The Romulan ship, the Narada in ‘Star Trek.’ Image: Paramount Pictures

Another attribute that makes this iteration of Star Trek so appealing to watch is the production that created believable costumes for the various aliens, the sets and props, and the technology used to complete all the CGI. Every time Star Trek is taken on anew, it automatically benefits from the newest filmmaking tools of the time. This franchise has come a long way in visual appeal since 1966. It’s come a long way in general and paved the way for many first on T.V. 

This Star Trek does a spectacular job of character development in weaving the storylines together and representing how different species manage meeting new people in life and on the job. 

Bridge of the U.S.S. Enterprise in Paramount Pictures ‘Star Trek’

Fantastic acting, set design, cinematography, directing, story, and humor make this film worth the effort into creating it. All these attributes created a movie worth seeing. J.J. Abrams boldly chose to go where many have gone before and comes out of warp speed with a refreshing winner of a reboot of a beloved sci-fi franchise. This Star Trek is worthy of a place on your watchlist!

-A Pen Lady

Film Critic, Movie Blog, Movie Reviews

Captain Marvel (2019)

Captain Marvel (2019)

Directed by: Anna Boden, Ryan Fleck  Rated: PG-13  Runtime: 2 hrs. 5 mins.

Screenwriter: Anna Boden, Ryan Fleck, Geneva Robertson-Dworet Studio: Marvel Studios  

Created by: Roy Thomas & Gene Colan Cast:  Brie Larson, Samuel L. Jackson, Jude Law, Ben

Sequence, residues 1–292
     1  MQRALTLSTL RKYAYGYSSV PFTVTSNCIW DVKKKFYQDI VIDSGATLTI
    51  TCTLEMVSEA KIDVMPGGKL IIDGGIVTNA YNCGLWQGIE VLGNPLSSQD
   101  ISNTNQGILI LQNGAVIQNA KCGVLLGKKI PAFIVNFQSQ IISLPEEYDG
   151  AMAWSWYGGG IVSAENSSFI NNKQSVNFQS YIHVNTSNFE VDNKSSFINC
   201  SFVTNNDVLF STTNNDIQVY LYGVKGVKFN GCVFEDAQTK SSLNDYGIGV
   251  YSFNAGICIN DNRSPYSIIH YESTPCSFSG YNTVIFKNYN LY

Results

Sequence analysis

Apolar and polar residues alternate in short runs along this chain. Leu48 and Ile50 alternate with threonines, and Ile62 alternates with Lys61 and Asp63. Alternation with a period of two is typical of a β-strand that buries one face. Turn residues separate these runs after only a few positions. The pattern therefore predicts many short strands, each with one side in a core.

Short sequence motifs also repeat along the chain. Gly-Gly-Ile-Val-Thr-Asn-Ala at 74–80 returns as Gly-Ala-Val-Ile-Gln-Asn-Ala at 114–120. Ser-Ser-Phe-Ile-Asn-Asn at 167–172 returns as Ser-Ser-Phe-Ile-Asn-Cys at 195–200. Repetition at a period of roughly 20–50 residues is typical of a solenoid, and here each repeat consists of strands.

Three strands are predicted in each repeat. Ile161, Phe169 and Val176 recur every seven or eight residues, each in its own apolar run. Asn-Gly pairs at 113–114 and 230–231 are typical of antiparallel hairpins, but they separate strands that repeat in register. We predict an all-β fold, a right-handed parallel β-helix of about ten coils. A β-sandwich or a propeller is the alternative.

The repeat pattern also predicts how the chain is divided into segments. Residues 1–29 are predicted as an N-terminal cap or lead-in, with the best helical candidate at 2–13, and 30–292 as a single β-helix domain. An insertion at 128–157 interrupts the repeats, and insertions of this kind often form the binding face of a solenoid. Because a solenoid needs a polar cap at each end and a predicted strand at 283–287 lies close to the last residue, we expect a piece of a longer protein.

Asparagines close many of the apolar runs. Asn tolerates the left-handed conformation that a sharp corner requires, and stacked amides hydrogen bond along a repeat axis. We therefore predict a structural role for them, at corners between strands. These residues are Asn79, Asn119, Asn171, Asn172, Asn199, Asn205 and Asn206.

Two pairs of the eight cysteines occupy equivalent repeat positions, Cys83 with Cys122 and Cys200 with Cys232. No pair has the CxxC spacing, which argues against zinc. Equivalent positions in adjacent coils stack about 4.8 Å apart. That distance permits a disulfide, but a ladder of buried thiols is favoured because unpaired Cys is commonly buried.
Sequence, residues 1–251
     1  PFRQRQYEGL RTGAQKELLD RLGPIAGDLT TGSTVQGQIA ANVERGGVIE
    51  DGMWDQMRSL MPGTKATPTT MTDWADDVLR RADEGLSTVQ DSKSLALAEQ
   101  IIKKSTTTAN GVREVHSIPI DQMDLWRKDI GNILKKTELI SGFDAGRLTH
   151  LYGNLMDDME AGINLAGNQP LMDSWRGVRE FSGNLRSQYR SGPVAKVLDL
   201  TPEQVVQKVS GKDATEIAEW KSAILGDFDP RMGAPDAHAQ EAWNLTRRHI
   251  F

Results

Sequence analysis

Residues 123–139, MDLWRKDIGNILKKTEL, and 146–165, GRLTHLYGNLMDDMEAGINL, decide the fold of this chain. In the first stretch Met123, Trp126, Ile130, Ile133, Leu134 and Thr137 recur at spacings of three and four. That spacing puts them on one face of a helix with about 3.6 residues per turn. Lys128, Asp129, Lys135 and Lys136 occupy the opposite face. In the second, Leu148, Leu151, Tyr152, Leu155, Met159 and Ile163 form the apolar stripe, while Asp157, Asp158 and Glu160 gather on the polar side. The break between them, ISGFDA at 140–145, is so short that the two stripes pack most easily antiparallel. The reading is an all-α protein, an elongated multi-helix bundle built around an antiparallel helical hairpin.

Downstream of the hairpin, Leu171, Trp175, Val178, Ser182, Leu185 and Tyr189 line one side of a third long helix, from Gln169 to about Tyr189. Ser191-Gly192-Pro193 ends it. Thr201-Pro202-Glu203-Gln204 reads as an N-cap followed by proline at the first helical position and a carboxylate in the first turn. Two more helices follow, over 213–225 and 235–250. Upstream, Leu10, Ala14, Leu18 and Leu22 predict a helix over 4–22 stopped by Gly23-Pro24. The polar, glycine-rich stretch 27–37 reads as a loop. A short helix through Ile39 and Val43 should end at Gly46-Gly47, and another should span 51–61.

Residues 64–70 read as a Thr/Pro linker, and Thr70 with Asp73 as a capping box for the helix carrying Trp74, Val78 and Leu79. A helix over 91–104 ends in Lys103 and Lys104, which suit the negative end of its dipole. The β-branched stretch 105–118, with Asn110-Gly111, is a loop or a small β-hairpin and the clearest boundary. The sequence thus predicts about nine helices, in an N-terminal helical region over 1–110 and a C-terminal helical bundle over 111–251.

Mendelsohn, Lashana Lynch, Greg Clark, Djimon Hounsou, Annette Bening

Captain Marvel is a vibrant, well-told story with details, great CGI, and character development. It moves along at an enjoyable pace too.

It’s difficult to find movies sometimes that represent strong, fun, well-acted female characters in stories that haven’t been done before. So when Captain Marvel came out, nearly ten years after the start of the Marvel Cinematic Universe (MCU), the first thing many said was, ‘about time.’ 

Marvel Studio’s Official Trailer for ‘Captain Marvel’ via YouTube

That’s not to ignore the many female characters who fit the above description within the MCU already, but Carol Danvers/Captain Marvel is the first to have a standalone film. 

Captain Marvel is technically the twenty-second MCU film. It’s sandwiched between Avengers: Infinity War (2018) and Avengers: Endgame (2019). Its placement is only essential because of the scenes in the credits, which logically explains Captain Marvel’s place in Endgame, the film after this one in release date order. Chronologically, Captain Marvel takes place in the mid-90s, so it’s natural to place it after Captain America: The First Avenger

Vers/Carol/Captain Marvel is played by Bri Larson, who took a ton of flack for being cast. Some didn’t like how she looked for the role. Others objected to her cocky or unemotional depiction of the character. First, up to a certain point, women were not allowed to always fly, so when they could, being quiet and meek just wouldn’t do. Second, if male test pilots can be smug adrenaline junkies, why not women? To argue one can be but not the other is sexist. Third, Carol forgot everything about her life literally at one point. You can be told about your life, but there is little emotional resonance to be found if you don’t remember. Taking all the information provided about such a layered character and then crafting an authentic-like person from that is no small order. 

Lashana Lynch and Bri Larson in Marvel Studios ‘Captain Marvel’ Image Credit: Marvel Studios via the LA Times